Prosecutors in Nebraska Will Dismiss Case Against CBD Store Owners

There appears to be some serious confusion about CBD in Nebraska.
Prosecutors in Nebraska Will Dismiss Case Against CBD Store Owners

Prosecutors in Scotts Bluff, Nebraska said they have chosen to dismiss a criminal case involving a mother and son who opened a CBD store. The decision could have important legal implications for CBD in the state of Nebraska. Most immediately, the entire case highlights the confusion and tension surrounding CBD under Nebraska state law. And importantly, within that context, the decision to drop the case could pave the way to a more lenient approach to CBD in the state.

Dismissing the Case

Scotts Bluff County Attorney Dave Eubanks confirmed this week that his office will not follow through on charges against Heather and Dreyson Beguin.

The mother and son team were facing criminal charges for opening and operating a CBD store. For them, the drama began back in December.

On Dec. 14, Scotts Bluff police raided their store. Subsequently, Heather and Dreyson were both arrested. And when the dust settled, the two found themselves facing serious felony charges. Specifically, they were charged with felony counts of distributing a controlled substance.

Now, prior to their scheduled court cases, the county attorney has decided to dismiss the case. Eubanks told local news source KETV Omaha that his office has better things to do than prosecute people for a substance “that can’t get you high.”

Instead, he told the press that his office will redirect their efforts toward meth. Additionally, the county attorney said his office would also rather focus on prosecuting violent crimes than something like selling or consuming CBD.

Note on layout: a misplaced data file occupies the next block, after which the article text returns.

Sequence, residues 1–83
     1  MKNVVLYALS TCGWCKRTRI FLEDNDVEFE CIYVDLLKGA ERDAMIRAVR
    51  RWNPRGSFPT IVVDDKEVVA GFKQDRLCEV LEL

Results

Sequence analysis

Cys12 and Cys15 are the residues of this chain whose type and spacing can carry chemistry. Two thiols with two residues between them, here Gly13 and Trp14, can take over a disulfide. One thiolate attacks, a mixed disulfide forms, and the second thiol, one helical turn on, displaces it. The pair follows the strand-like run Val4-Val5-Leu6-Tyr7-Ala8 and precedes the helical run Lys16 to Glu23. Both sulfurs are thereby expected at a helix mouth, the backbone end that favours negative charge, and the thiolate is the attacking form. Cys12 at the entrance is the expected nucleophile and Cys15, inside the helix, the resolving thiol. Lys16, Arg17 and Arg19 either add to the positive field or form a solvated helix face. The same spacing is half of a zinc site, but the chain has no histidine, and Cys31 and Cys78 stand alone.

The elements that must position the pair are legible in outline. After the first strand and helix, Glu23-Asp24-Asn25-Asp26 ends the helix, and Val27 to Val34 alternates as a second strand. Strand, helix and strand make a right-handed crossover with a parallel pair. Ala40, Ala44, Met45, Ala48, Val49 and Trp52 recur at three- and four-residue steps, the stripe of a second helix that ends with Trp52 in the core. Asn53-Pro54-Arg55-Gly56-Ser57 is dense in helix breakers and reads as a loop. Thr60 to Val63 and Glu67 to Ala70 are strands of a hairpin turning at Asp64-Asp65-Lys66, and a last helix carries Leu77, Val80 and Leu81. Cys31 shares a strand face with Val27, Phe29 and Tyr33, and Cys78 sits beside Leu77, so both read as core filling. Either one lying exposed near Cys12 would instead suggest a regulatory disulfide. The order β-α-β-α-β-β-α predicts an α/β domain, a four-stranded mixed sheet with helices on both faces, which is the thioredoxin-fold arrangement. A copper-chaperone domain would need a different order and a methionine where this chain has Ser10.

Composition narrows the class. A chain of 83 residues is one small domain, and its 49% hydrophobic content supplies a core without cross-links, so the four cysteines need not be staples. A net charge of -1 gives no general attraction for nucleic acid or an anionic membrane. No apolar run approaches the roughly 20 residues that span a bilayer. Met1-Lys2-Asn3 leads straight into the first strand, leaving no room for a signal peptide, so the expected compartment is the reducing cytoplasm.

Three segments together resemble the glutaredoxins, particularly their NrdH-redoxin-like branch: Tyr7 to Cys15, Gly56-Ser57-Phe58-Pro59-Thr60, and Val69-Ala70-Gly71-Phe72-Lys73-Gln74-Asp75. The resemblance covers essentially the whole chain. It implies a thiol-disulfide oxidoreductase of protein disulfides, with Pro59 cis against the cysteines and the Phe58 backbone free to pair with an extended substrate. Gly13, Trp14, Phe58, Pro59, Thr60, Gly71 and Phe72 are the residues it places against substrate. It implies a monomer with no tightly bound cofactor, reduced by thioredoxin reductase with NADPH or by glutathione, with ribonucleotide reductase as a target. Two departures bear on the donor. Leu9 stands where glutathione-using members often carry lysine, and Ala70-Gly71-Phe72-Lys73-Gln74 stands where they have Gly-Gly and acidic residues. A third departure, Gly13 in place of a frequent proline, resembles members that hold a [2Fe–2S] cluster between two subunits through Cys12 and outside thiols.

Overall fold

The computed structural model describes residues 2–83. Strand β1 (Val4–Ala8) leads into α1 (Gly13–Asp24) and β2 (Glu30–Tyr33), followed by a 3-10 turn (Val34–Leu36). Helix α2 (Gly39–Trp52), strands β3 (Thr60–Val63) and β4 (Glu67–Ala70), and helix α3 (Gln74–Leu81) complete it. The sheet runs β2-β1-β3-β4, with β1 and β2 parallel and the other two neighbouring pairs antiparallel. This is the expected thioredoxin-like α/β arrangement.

With all charges reportedly dropped, Heather and Dreyson said they plan to re-open their CBD store.

The Beguin’s case highlights a lot of the legal confusion that still persists around CBD. In the first place, the cops raided the Beguin’s store following a memo released by Nebraska Attorney General Doug Peterson.

His memo asserted that CBD and CBD oil are illegal controlled substances because they come from the hemp plant. However, the Beguins and many others throughout the state disagree with Peterson’s take on things.

“We wouldn’t have done this if we . . . weren’t ethically in the right,” Heather Beguin told local media. “We knew we were in the right legally as well.”

Interestingly, recent federal legislation in the time following the Beguins arrest seems to provide a pathway to clarity on the issue of CBD. In December, Donald Trump signed into law the Agricultural Improvement Act of 2018.

Also known as the “Farm Bill,” this law introduced a number of changes to several different government agencies. Most notably for the Beguin’s case is the fact that the Farm Bill also removed hemp from the list of federal controlled substances.

In essence, the Farm Bill makes a distinction between cannabis and hemp. And it allows for the production of hemp, including CBD and CBD products.

Along with the changes this bill brings to federal law, Nebraska news sources also report that state lawmakers are looking at ways to clarify Nebraska’s position on CBD.

In particular, Omaha senator Justin Wayne told sources that lawmakers are working on changes to state laws that would clearly make hemp and hemp-derived CBD legal.

Interestingly, there is reportedly massive popular support for legalizing medical marijuana in Nebraska. A study from last year found that 77 percent of Nebraskans would vote yes to legalizing marijuana.

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